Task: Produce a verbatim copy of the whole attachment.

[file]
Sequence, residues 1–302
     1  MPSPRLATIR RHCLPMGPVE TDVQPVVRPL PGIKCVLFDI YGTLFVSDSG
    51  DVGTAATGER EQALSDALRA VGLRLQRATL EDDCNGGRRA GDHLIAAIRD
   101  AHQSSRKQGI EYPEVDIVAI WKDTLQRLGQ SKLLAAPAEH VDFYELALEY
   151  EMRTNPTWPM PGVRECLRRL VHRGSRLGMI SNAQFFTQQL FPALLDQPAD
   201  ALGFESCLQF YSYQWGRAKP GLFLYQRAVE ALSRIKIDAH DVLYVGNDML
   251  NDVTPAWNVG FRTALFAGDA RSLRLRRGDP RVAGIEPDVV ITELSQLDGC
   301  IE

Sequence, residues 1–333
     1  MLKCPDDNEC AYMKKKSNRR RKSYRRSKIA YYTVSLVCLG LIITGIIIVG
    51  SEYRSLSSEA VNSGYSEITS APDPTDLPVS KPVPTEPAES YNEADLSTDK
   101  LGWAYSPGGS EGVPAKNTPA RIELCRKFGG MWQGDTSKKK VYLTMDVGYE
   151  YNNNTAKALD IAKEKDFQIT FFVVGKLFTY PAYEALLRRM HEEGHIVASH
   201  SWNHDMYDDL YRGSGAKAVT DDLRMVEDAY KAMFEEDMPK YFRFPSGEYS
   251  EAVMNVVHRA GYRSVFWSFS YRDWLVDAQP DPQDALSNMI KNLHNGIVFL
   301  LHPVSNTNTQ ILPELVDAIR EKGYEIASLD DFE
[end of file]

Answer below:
Sequence, residues 1–302
     1  MPSPRLATIR RHCLPMGPVE TDVQPVVRPL PGIKCVLFDI YGTLFVSDSG
    51  DVGTAATGER EQALSDALRA VGLRLQRATL EDDCNGGRRA GDHLIAAIRD
   101  AHQSSRKQGI EYPEVDIVAI WKDTLQRLGQ SKLLAAPAEH VDFYELALEY
   151  EMRTNPTWPM PGVRECLRRL VHRGSRLGMI SNAQFFTQQL FPALLDQPAD
   201  ALGFESCLQF YSYQWGRAKP GLFLYQRAVE ALSRIKIDAH DVLYVGNDML
   251  NDVTPAWNVG FRTALFAGDA RSLRLRRGDP RVAGIEPDVV ITELSQLDGC
   301  IE

Sequence, residues 1–333
     1  MLKCPDDNEC AYMKKKSNRR RKSYRRSKIA YYTVSLVCLG LIITGIIIVG
    51  SEYRSLSSEA VNSGYSEITS APDPTDLPVS KPVPTEPAES YNEADLSTDK
   101  LGWAYSPGGS EGVPAKNTPA RIELCRKFGG MWQGDTSKKK VYLTMDVGYE
   151  YNNNTAKALD IAKEKDFQIT FFVVGKLFTY PAYEALLRRM HEEGHIVASH
   201  SWNHDMYDDL YRGSGAKAVT DDLRMVEDAY KAMFEEDMPK YFRFPSGEYS
   251  EAVMNVVHRA GYRSVFWSFS YRDWLVDAQP DPQDALSNMI KNLHNGIVFL
   301  LHPVSNTNTQ ILPELVDAIR EKGYEIASLD DFE